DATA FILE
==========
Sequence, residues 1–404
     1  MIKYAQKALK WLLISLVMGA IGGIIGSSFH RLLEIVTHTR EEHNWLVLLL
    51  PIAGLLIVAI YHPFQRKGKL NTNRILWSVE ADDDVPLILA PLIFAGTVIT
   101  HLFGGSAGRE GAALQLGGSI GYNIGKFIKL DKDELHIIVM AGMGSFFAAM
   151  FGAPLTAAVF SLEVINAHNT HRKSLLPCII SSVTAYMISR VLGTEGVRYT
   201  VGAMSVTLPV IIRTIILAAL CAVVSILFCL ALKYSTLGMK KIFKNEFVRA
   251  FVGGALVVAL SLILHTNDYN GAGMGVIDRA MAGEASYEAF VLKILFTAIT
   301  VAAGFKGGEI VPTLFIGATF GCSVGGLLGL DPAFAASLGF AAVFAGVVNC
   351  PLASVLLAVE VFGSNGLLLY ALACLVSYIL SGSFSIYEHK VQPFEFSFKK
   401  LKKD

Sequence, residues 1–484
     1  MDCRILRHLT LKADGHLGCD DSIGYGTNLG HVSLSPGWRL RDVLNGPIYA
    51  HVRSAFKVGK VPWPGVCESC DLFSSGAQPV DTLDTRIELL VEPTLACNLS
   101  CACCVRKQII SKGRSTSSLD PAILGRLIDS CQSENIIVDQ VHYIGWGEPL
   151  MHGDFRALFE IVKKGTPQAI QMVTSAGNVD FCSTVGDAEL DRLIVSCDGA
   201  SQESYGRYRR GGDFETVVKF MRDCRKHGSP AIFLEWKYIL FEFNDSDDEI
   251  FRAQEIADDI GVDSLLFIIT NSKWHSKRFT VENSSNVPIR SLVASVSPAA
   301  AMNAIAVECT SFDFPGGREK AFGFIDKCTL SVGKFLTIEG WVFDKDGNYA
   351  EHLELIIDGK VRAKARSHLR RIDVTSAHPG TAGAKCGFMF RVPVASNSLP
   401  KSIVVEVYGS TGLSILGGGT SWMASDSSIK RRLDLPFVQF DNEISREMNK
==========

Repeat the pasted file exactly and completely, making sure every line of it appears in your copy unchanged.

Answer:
Sequence, residues 1–404
     1  MIKYAQKALK WLLISLVMGA IGGIIGSSFH RLLEIVTHTR EEHNWLVLLL
    51  PIAGLLIVAI YHPFQRKGKL NTNRILWSVE ADDDVPLILA PLIFAGTVIT
   101  HLFGGSAGRE GAALQLGGSI GYNIGKFIKL DKDELHIIVM AGMGSFFAAM
   151  FGAPLTAAVF SLEVINAHNT HRKSLLPCII SSVTAYMISR VLGTEGVRYT
   201  VGAMSVTLPV IIRTIILAAL CAVVSILFCL ALKYSTLGMK KIFKNEFVRA
   251  FVGGALVVAL SLILHTNDYN GAGMGVIDRA MAGEASYEAF VLKILFTAIT
   301  VAAGFKGGEI VPTLFIGATF GCSVGGLLGL DPAFAASLGF AAVFAGVVNC
   351  PLASVLLAVE VFGSNGLLLY ALACLVSYIL SGSFSIYEHK VQPFEFSFKK
   401  LKKD

Sequence, residues 1–484
     1  MDCRILRHLT LKADGHLGCD DSIGYGTNLG HVSLSPGWRL RDVLNGPIYA
    51  HVRSAFKVGK VPWPGVCESC DLFSSGAQPV DTLDTRIELL VEPTLACNLS
   101  CACCVRKQII SKGRSTSSLD PAILGRLIDS CQSENIIVDQ VHYIGWGEPL
   151  MHGDFRALFE IVKKGTPQAI QMVTSAGNVD FCSTVGDAEL DRLIVSCDGA
   201  SQESYGRYRR GGDFETVVKF MRDCRKHGSP AIFLEWKYIL FEFNDSDDEI
   251  FRAQEIADDI GVDSLLFIIT NSKWHSKRFT VENSSNVPIR SLVASVSPAA
   301  AMNAIAVECT SFDFPGGREK AFGFIDKCTL SVGKFLTIEG WVFDKDGNYA
   351  EHLELIIDGK VRAKARSHLR RIDVTSAHPG TAGAKCGFMF RVPVASNSLP
   401  KSIVVEVYGS TGLSILGGGT SWMASDSSIK RRLDLPFVQF DNEISREMNK